MM Team Fitness
Work Capacity: Why Should Women Lift Heavy Weights.
After posting this morning’s album of the girls SDL’ing 6 sets of triples with some decent weight, I receive an email from a FB friend asking why I have these women, especially the older ones (not sure what she meant by older) lift so much weight. Well, it’s really not that much, certainly not powerlifter status, but they are not training to be powerlifters, just to live a better life. She was concerned about injury.
Supertraining author Mel Siff defined work capacity as "the general ability of the body as a machine to produce work of different intensity and duration using the appropriate energy systems of the body." I would add to that, and not get injured in the process.
The goal of MM Team Fitness is to enhance “general” work capacity to as a high a level as possible in any client given their age, physical limitations and abilities, without increasing the risk of injury.
So then, why would any non-competitive female aspire to deadlift 200 lbs, flip a tractor tire or clean a 62+ lb kettlebell, for reps, correctly?
Last Summer as I was loading up hardware supplies in the Lowe’s parking lot for a fireworks shoot I noticed a woman and her two young boys (looked to be about 8 and 12 yrs old) skinny as bean poles, pushing out a cart with about a dozen 0.5 cu ft bags of paver sand. I figure they were about 75 lbs a piece. She opened the back of her SUV and they attempted to load the sand. First, the two young lads grabbed a bag, one dropped one end then the other dropped his end. The bag broke open across the cart, mom was displeased. Second attempt was mom and the elder son, again the elder son dropped his end and mom with her legs straight, back rounded like a half-moon took the brunt of the dropped bag in a very compromised anatomical position. Instantly she fell to her knees grabbing her lower back, clearly in severe pain. An attendant from Lowe’s came running over to assist her onto the back of the SUV and there she sat unable to move. As I was pulling out of the parking lot she was on the phone, probably calling her husband on the golf course to tell him to take her to the hospital and the boys and sand home.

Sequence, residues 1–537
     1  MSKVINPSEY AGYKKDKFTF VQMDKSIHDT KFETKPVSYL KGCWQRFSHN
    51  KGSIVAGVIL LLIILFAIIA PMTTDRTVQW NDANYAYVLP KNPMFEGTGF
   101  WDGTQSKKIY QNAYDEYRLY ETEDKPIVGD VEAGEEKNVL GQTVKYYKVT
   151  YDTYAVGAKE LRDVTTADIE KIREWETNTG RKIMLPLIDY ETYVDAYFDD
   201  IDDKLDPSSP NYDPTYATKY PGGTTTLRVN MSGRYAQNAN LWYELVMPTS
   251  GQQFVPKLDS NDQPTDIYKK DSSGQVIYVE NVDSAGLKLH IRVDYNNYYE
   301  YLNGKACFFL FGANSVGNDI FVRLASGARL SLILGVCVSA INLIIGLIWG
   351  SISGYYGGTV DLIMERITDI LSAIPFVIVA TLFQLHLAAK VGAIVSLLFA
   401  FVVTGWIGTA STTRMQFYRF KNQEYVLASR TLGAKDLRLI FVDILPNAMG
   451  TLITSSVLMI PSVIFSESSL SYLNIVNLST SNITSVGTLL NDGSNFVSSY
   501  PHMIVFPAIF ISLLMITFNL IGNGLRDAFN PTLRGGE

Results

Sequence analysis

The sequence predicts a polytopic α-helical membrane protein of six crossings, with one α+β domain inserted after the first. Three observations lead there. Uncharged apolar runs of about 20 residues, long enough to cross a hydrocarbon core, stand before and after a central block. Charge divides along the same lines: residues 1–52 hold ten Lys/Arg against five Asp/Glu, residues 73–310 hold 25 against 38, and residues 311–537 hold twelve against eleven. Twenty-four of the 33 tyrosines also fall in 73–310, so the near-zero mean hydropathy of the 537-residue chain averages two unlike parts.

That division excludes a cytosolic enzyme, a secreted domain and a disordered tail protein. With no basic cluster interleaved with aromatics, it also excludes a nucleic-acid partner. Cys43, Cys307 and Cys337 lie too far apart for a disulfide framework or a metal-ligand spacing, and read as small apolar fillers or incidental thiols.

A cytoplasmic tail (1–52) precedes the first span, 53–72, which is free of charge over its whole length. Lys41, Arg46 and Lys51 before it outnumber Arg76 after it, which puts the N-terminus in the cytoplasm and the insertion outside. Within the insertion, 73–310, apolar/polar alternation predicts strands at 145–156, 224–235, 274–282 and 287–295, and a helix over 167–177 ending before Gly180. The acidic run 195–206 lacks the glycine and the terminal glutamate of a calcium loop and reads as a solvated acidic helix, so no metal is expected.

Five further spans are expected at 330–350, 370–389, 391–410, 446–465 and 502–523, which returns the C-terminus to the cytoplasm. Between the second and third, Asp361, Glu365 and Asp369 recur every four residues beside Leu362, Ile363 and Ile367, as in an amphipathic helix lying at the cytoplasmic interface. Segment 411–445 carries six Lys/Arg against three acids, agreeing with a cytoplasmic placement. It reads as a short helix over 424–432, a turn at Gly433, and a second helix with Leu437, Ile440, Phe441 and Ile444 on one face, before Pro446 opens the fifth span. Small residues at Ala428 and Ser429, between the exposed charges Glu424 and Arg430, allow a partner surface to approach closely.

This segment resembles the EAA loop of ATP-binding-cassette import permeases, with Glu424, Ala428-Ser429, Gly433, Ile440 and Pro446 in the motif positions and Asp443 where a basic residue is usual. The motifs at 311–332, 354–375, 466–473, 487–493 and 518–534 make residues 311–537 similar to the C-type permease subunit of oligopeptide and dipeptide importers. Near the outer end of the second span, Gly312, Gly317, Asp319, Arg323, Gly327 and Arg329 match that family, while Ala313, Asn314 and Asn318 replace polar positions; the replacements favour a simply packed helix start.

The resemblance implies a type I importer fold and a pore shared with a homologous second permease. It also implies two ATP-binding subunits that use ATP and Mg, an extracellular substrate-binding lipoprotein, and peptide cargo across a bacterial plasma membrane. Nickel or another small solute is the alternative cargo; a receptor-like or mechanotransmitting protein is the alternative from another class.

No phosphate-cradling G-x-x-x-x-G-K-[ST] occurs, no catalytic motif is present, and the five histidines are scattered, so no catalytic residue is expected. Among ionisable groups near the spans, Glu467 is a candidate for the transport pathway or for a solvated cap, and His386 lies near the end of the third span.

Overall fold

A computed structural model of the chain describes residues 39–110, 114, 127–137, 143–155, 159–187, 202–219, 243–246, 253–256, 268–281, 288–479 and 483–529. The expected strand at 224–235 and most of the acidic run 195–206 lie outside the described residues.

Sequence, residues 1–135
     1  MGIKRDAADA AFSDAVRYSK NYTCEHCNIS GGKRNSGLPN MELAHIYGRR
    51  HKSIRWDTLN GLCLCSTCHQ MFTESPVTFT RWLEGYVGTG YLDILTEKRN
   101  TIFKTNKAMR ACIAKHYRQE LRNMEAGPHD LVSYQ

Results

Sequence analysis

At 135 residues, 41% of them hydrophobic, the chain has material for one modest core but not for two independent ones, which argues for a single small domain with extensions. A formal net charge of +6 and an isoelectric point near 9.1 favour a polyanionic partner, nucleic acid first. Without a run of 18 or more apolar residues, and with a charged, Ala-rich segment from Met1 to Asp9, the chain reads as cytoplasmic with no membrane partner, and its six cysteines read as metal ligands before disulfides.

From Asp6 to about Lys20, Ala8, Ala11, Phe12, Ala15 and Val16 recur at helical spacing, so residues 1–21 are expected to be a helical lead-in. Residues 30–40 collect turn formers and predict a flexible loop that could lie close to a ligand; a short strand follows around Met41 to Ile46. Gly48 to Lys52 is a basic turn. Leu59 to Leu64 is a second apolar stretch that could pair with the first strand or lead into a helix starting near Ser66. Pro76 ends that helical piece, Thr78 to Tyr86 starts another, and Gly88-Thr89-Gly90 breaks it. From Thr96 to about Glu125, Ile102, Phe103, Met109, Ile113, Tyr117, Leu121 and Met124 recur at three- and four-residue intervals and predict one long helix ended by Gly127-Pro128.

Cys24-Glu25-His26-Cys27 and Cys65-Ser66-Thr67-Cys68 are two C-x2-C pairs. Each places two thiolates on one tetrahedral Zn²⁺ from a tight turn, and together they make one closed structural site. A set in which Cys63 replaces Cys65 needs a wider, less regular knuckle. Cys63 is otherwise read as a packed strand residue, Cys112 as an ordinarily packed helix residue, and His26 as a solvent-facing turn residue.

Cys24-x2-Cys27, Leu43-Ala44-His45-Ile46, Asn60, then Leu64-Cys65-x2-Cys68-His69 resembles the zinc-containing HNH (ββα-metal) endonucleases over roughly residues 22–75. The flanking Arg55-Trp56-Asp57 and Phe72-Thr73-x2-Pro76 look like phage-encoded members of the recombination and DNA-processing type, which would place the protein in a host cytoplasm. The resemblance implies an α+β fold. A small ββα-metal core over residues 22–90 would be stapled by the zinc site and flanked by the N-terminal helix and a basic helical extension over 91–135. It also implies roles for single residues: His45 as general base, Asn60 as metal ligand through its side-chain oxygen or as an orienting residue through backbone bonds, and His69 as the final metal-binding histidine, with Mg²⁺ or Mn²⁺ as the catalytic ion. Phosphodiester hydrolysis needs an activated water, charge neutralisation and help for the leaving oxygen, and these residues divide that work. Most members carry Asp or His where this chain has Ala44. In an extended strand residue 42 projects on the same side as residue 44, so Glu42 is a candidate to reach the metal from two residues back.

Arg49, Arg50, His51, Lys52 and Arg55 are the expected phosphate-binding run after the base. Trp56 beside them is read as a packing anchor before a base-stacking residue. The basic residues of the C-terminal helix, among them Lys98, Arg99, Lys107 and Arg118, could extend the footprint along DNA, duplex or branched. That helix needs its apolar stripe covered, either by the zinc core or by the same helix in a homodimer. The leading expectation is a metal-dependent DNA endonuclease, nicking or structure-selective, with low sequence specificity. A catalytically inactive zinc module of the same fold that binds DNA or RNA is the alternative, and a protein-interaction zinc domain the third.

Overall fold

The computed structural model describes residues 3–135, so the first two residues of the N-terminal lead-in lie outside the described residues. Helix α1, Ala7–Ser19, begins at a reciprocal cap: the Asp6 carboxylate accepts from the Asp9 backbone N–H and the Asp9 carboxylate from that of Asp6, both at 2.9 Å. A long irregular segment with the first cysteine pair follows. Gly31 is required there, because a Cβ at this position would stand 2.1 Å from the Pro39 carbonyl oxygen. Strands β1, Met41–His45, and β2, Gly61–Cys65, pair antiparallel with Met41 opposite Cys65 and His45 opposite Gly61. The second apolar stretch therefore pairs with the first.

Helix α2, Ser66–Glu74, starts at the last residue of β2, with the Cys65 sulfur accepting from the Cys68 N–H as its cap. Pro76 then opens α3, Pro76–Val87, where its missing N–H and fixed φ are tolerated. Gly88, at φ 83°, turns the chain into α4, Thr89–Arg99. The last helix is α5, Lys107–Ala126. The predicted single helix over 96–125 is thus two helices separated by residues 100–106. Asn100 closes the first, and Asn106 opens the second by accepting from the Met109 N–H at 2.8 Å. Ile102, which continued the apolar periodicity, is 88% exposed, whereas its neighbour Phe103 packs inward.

Back to work capacity. At a talk a couple years ago, Dr Barry Franklin, a well respected cardiovascular exercise physiologist from Beaumont Hospital in Royal Oak was explaining why it was important for cardiac rehab patients to include resistance training in their exercise programming. It had to do with developing work capacity relating to strength. We tend to refer to effort in terms of a percentage of our maximal capacity whether it be aerobic, a mix of aerobic/anaerobic or muscular strength/endurance. For example, if a subject is trained to lift 200 lbs, then that 75 lb bag of sand is 37.5% of their maximal lift, it will be perceived as an easy lift, both by the mind and the body. If the subject only trains to lift 35 lbs, then lifting the 75 lb bag of sand will seem insurmountable and likely result in serious physical injury.
Likewise, if a person has a VO2max of 40 ml O2/kg/min, that person would last about 1 minute on the treadmill at that workload. If the same person was able to achieve a VO2max of 55 ml O2/kg/min through physical training, running at a VO2 of 40 or now 73% of the maximal aerobic capacity would be easy and sustainable for hours, not minutes or seconds.
What does this have to do with life? Well, the mother cited above is one example, but simply raising kids that weigh 40+ lbs, moving furniture or having to do things you have to do yourself because no one else is available to help are all good examples of why being able to clean a 63 lb KB or deadlift 200 lbs allows you live a better life and stay out of the U$ Health Care System.